- The Washington Times - Saturday, November 30, 2002

Shortly after the Civil War began, Union Col. Henry Jackson Hunt wrote the following letter to his old friend from Mexican War days, Confederate Brig. Gen. Braxton Bragg. Apparently, Bragg had first written to Hunt, expressing strong feelings against the Northern states and giving his reasons for leaving the U.S. Army to take up a command for the Confederacy. Both men had distinguished careers on their respective sides. Hunt was named chief of artillery of the Army of the Potomac, with the rank of major general. This letter, owned by his great-great-grandson, Fred Hunt of Bethesda, is dated April 23, 1861 the Confederates had fired on Fort Sumter in South Carolina on April 12.

"My dear Bragg:

"I am much gratified by the receipt of your note of Saturday evening. I do not doubt the nature of your feelings for I judge of them by my own.

"How strange it is! We have been united in our views of almost all subjects, public and private. We still have, I trust, a personal regard for each other, which will continue whatever course our sense of duty may dictate, yet in one short year after exchanging at your house assurances of friendship, here we are, face to face, with arms in our hands, with every prospect of a bloody collision. How strange!

"My views on the immediate occasion of our trouble you know, they are yours; they are those, too, of my family, all of whom have fought in the North, the battles of the South, and now find they are left to bear the imputation there of having taken sides not merely against their section, but against their country. Yet even now I do not despair of the future. I still think, improbable as it seems, that clearer views of our interests and necessities will reunite us. I acknowledge that the people of the cotton States are apparently united, but I have watched the movement closely and have seen some of the machinery employed to bring about this unanimity of expression. I will be frank with you. A democrat of the Breckinridge school, I now believe that the party was broken up, simply to bring about secession, and unfortunately the course of events in the North has enabled the leaders to drag the people with them.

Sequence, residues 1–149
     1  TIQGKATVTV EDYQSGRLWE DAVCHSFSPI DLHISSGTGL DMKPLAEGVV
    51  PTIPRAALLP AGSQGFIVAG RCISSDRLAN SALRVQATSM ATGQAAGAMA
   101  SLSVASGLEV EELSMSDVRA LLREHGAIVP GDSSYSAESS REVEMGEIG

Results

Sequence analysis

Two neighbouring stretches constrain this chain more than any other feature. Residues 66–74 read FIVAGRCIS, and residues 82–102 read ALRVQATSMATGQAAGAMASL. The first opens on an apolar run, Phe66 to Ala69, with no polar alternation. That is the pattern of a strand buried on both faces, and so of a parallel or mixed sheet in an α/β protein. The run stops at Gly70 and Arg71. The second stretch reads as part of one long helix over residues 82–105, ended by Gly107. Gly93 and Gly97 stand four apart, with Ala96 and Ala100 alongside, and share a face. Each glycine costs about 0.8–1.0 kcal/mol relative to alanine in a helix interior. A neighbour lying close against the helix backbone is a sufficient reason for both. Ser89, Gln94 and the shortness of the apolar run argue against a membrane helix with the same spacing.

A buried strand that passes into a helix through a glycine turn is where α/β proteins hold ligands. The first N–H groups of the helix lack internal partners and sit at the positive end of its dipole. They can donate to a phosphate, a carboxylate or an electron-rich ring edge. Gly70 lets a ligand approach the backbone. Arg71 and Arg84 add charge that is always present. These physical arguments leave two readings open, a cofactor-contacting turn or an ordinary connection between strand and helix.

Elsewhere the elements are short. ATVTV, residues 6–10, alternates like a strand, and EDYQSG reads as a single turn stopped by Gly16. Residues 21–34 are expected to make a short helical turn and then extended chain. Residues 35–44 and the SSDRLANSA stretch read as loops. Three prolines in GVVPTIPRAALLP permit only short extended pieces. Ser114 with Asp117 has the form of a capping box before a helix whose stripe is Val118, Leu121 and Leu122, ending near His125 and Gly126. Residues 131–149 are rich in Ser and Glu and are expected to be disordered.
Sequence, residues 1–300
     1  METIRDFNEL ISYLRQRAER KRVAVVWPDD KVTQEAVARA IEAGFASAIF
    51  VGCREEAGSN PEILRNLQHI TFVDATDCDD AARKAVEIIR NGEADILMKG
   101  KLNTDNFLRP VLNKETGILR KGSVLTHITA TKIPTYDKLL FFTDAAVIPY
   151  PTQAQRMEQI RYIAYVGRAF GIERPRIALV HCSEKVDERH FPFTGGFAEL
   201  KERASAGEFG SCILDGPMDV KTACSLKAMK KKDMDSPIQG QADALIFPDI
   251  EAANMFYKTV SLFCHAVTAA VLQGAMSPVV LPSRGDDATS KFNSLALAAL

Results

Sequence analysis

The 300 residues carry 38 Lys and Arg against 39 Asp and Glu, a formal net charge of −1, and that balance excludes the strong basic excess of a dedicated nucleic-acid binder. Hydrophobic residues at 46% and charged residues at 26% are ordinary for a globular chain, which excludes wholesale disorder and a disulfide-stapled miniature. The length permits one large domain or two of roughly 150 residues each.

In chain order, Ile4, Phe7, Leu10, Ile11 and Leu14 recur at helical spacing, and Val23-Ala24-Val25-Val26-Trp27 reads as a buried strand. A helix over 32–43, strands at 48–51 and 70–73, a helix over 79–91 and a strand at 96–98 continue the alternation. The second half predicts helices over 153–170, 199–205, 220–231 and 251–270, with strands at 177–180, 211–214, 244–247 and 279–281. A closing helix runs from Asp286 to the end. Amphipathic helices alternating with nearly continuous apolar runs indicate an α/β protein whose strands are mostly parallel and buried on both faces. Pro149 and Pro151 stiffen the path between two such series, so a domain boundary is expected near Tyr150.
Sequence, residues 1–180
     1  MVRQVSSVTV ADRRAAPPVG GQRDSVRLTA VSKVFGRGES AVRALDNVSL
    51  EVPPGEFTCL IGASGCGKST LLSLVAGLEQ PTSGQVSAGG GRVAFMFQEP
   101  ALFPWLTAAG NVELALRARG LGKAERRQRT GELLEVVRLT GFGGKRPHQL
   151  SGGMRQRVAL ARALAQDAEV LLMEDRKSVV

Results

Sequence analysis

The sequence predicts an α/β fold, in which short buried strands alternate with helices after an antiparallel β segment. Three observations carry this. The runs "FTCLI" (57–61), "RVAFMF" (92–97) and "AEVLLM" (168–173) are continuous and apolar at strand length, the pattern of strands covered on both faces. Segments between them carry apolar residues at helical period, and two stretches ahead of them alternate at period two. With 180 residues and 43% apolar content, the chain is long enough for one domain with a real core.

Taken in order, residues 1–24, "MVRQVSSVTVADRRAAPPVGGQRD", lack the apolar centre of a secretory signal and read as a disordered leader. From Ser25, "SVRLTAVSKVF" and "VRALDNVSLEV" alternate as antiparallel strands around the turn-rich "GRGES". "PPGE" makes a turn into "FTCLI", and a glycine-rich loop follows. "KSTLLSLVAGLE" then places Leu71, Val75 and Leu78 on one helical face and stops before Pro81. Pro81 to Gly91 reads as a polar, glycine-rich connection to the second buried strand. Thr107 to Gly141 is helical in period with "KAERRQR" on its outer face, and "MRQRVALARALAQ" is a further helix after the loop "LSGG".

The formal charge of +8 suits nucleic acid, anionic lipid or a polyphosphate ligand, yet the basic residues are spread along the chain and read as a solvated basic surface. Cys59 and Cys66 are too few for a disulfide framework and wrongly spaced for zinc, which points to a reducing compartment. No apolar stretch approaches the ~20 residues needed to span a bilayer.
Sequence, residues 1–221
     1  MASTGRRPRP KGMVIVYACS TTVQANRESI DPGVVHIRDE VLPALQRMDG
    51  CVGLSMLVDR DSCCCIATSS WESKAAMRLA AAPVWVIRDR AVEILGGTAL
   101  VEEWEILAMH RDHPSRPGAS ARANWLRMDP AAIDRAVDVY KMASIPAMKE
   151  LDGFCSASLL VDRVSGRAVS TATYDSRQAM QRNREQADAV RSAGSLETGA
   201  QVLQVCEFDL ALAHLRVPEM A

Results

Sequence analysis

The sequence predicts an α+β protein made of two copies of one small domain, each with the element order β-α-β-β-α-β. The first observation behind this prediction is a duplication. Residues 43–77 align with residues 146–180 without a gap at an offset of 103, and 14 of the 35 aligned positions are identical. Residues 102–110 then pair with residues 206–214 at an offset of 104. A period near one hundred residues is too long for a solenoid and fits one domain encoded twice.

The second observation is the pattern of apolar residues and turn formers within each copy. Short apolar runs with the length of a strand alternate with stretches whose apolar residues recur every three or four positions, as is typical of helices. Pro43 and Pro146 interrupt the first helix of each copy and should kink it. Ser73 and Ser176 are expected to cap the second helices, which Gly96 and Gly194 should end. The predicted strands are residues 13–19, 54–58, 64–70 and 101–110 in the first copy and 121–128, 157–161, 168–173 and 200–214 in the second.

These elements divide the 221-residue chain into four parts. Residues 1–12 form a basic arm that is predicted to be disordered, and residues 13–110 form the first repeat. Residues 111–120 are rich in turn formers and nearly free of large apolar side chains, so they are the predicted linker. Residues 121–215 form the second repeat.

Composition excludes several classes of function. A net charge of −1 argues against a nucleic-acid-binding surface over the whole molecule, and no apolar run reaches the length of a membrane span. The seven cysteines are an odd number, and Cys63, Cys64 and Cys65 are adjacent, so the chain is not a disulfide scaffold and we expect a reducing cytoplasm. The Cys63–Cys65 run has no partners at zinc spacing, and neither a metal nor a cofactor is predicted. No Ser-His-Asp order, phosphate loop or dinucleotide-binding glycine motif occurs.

"With all their wrongs, I think the South has not been just to themselves, nor generous to their friends in the North, in breaking off from them at the first partial defeat, the loss of the executive; all the other branches of government being in their hands. It is not a case in which I, born under the flag, can feel justified in deserting it, however much my sympathies were with my Southern friends in the immediate question at issue, and however much it pains me to be arrayed against them. I regret deeply that the secession leaders should have pursued such a course that except by dishonoring their flag, degrading their government and humiliating themselves, their friends in the North could not force an amicable separation. I am not much surprised at it however. Many things hitherto inexplicable in the administration of the War Department in the last eight years, are now explained, and I fear that war was considered a necessity to a final separation, and the consolidation of the power of the engineer and leaders of the movement, and as such, determined on long ago.